A New Twist on Nature/Nuture

Compared to other primates, humans spend a relatively short time nursing, yet take an unusually long time to become adults. An orangutan will suckle its young for seven to eight years, a chimp for about five years; a human mother typically suckles hers for only two. This allows for shorter intervals between pregnancies. Yet long after weaning, human children remain nutritionally (and otherwise) dependent on parents. This unique life pattern may be the result of an evolutionary compromise between the competing interests of mothers, whose “fitness” is measured by how many surviving children they bear, and offspring, whose goal is maximizing access to maternal resources while adapting to a complex social world.

In earlier work, professor of organismic and evolutionary biology David Haig explored the role of imprinted genes—genes that behave differently depending on whether they are inherited through the mother or the father—in mediating the transfer of nutrients between mother and fetus. His research has led him to describe pregnancy as a precariously balanced tug-of-war that may go awry, for example, if the paternal genes controlling the growth of the placenta begin to trump the maternal genes seeking to moderate the flow of resources to the fetus in order to ensure the mother’s future reproductive fitness (see “Prenatal Competition,” September-October 2006, page 18). 

Recent evidence suggests that the same selective forces operate within the child’s genome after birth. “I predict that paternal genes of the child will be promoting more intense suckling demands on the mother, and thus longer birth intervals,” Haig explains, while maternally derived genes will do the opposite. If for some reason the imprinted genes of one parent are under-expressed or over-expressed in the offspring, he hypothesizes, irregularities in the child’s feeding behaviors and growth pattern are likely to result. 

To explore his hypothesis, Haig has looked at various rare childhood disorders that may shed light on the genetic conflict underlying the parent-offspring relationship. For example, children with Prader-Willi syndrome—caused by the deletion of a paternal variant of a gene associated with strong suckling—have little or no suckling reflex and often have to be force-fed to obtain enough nutrients in early infancy. Temple syndrome and Silver-Russell syndrome are similarly linked to chromosomal abnormalities favoring maternal over paternal gene expression; children with these diseases also have low appetite, poor suck, and retarded growth. Conversely, Beckwith-Wiedemann syndrome, caused by the over-expression of the paternal IGF2 gene (or the inactivation of the maternal copy of the CDKN1C gene), leads to large infants with oversized tongues and mouths.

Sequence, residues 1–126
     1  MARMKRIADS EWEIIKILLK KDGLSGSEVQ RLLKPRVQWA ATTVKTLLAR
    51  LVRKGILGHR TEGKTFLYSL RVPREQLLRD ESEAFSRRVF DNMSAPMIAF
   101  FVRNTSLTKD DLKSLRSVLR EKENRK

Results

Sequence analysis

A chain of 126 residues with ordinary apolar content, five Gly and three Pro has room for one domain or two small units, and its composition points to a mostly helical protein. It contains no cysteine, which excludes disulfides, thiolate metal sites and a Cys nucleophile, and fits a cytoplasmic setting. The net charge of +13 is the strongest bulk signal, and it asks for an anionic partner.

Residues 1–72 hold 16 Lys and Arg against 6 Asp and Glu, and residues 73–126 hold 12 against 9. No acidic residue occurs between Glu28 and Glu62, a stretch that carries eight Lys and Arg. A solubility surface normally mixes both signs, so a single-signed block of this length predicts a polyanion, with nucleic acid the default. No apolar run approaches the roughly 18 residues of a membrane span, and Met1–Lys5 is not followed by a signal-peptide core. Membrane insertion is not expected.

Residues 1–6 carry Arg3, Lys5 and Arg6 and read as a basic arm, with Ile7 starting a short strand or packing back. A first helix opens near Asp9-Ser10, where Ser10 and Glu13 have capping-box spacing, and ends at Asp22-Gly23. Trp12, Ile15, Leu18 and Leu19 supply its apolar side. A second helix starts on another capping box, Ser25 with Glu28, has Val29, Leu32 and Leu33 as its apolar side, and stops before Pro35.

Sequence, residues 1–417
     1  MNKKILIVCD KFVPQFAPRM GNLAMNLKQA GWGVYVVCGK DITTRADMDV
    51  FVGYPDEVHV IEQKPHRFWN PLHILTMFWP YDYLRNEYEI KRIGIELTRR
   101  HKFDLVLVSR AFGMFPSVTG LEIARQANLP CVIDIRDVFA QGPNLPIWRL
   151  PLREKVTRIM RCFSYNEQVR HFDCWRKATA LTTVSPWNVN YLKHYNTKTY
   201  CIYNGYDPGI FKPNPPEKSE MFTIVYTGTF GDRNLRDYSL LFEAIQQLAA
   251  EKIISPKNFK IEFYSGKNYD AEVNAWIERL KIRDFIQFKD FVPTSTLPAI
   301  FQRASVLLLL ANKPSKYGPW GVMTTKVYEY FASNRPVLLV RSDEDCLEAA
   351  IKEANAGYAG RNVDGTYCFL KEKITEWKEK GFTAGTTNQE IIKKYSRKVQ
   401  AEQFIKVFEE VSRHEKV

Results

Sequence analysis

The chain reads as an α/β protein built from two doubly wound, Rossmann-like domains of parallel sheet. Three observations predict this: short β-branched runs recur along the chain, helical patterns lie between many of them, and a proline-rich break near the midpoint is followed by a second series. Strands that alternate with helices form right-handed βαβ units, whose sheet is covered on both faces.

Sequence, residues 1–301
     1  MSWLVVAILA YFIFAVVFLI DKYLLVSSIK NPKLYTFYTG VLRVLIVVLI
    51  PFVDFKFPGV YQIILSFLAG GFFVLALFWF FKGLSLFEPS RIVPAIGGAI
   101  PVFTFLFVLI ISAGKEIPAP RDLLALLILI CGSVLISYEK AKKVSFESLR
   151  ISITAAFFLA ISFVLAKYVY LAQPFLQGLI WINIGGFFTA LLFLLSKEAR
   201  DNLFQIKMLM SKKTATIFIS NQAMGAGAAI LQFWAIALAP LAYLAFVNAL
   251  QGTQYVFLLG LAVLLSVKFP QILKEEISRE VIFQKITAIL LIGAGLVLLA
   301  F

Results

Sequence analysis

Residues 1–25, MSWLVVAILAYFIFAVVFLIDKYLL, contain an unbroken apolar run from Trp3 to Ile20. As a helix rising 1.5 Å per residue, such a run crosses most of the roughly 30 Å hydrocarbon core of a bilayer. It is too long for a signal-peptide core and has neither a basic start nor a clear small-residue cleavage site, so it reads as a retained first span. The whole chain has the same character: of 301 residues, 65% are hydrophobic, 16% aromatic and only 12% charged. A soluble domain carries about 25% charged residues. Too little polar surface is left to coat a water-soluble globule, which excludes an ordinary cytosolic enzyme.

The competing effects of imprinted genes continue to influence a child’s appetite and rate of maturation after infancy, Haig believes.  Although children with Prader-Willi syndrome begin life as poor feeders, in early childhood they become voracious eaters prone to obesity. “The paternal genes are promoting intense suckling, but they’re also inhibiting the offspring’s desire for alternative foods,” he explains. “When you take these paternal genes away, as in Prader-Willi syndrome, you have infants with little or no appetite for mother’s milk. But later, after weaning, they develop this insatiable appetite, eating everything in sight.” Imprinted genes also appear to play a role in the timing of puberty, with maternal genes favoring earlier onset of many of puberty’s physical precursors. 

But Haig cautions that longitudinal studies of children with various imprinting disorders are still needed in order to test his hypotheses. “I believe that these rare childhood conditions are telling us something about how humans’ unusual life-cycle evolved,” he says. “Our slow rate of development is likely an adaptation of offspring to be able to learn about the world in comparative safety while being looked after by mothers. Meanwhile, early weaning is the maternal response, enabling mothers to have shorter birth intervals and thus more offspring.”

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